Nineteen's entry to the 'high end' wetsuit market.
A free swim lesson from Wolfgang Guembel included with the purchase of the suit.
The real deal. One of the best performing wetsuits we've used.
We got our first glimpse of the new Rogue wetsuit from Nineteen at Interbike way back in September of 2011, with a first hand introduction from Steve Fleck of Nineteen. We were told that the new Rogue was the company's attempt to break out of the "value" brand wetsuit category and produce a high end suit to compete with the elite suits of the triathlon world. Nineteen hired former pro triathlete and fast as hell swimmer Wolfgang Guembel to help create the new Rogue. We were very intrigued by the suit and it seemed to have an abundance of features that would translate into real world benefits. We were one of the lucky ones to get our hands on the Rogue before it was released, and since then we have spent the entire season with the Rogue.
The Rogue is the culmination of several designs and years of trial and error models that come with the evolution of any product. This suit combines the flexibility and buoyancy of previous models with the added benefit of stability. You might be thinking why would you want stability in a wetsuit, isn't it all about flexibility. Don't get us wrong, we love a flexible, comfortable suit as much as anyone out there. Flexibility is important (in the right places) and some stability or structure (in the right places) is also important. So, if you are a normal age group triathlete who doesn't come from a swimming background, you will probably benefit most from a suit that offers a combination of flexibility and buoyancy and yes, stability.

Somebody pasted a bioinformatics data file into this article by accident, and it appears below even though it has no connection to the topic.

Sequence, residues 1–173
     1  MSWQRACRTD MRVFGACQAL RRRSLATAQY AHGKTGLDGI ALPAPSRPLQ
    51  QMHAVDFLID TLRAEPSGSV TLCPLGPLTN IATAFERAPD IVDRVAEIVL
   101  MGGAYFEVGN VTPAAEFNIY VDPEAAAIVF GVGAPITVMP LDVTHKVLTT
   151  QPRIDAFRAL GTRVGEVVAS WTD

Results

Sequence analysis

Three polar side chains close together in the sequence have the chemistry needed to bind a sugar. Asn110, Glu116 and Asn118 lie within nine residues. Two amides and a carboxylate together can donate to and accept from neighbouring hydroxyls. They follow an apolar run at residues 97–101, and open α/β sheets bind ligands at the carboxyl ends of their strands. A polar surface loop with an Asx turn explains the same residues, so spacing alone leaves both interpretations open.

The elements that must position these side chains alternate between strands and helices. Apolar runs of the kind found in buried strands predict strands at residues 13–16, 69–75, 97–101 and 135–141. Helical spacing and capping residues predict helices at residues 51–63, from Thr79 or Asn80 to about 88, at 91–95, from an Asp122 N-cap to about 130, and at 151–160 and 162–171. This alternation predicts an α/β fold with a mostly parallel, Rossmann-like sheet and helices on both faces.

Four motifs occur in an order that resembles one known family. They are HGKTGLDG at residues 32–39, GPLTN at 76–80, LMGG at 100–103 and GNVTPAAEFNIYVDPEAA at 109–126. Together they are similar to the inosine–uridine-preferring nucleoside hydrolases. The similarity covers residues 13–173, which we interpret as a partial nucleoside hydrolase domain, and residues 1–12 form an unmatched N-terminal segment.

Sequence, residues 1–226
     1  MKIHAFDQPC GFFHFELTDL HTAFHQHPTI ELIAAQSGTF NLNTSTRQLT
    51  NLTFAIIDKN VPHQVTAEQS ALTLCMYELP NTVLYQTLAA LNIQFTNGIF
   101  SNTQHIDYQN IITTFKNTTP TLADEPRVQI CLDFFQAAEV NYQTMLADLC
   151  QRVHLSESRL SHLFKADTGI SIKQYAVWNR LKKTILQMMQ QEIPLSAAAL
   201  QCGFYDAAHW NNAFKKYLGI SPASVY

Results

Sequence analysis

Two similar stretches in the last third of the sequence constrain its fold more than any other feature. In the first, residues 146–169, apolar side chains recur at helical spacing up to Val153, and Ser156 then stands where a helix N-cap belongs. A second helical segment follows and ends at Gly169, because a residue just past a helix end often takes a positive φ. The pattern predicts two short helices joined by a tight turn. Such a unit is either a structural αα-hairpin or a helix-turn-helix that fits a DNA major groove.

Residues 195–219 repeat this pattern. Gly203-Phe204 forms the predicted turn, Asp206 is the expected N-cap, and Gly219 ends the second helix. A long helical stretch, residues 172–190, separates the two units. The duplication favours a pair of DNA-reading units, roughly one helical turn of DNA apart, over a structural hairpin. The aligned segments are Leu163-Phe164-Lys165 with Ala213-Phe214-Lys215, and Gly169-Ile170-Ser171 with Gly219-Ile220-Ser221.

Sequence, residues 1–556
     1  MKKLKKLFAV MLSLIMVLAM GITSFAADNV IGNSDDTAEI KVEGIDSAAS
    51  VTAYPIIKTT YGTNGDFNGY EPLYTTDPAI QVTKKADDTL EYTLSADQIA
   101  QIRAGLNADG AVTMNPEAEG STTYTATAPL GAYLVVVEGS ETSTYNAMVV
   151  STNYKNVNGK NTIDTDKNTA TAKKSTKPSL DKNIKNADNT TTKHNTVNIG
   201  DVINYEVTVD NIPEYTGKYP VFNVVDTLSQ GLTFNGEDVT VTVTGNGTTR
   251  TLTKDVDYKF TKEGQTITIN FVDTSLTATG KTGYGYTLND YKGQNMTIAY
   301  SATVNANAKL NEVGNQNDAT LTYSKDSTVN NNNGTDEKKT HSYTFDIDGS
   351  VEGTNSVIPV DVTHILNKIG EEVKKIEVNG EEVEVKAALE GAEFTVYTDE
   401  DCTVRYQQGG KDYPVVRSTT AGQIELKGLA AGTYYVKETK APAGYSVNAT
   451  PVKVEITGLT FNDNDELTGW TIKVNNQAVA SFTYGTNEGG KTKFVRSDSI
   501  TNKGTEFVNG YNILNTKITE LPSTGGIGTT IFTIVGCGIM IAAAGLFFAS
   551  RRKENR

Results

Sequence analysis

Let's face it, high end wetsuits these days are not all that different from one brand to the next, at least from a material standpoint. If you have shopped for a wetsuit at all you have no doubt come across the Yamamoto name. This Japanese company produces the materials used in about 90% of the wetsuits worn in triathlon today, regardless of what brand is printed on the outside, there's a very strong likelihood there's Yamamoto material "under the hood" so to speak. Whether it's Yamamoto #39 or #40 or some combination, pretty much any quality suit utilizes the same outer skin.
Yamamoto #39 is less flexible than #40, so an entire suit made out of #40 has to be better right? Not necessarily, Nineteen found that a suit made up entirely of Yamamoto #40 can actually be too flexible. In fact Nineteen has experience with that type of suit as well, they found that the super thin, extremely flexible suits come with their own set of problems, durability suffers, these suits have a difficult time maintaining their shape, and due to the extreme flexibility the suit can be susceptible to areas of ballooning making a proper fit difficult at best. So the Nineteen answer was to focus on an optimal mix of neoprene types and thicknesses.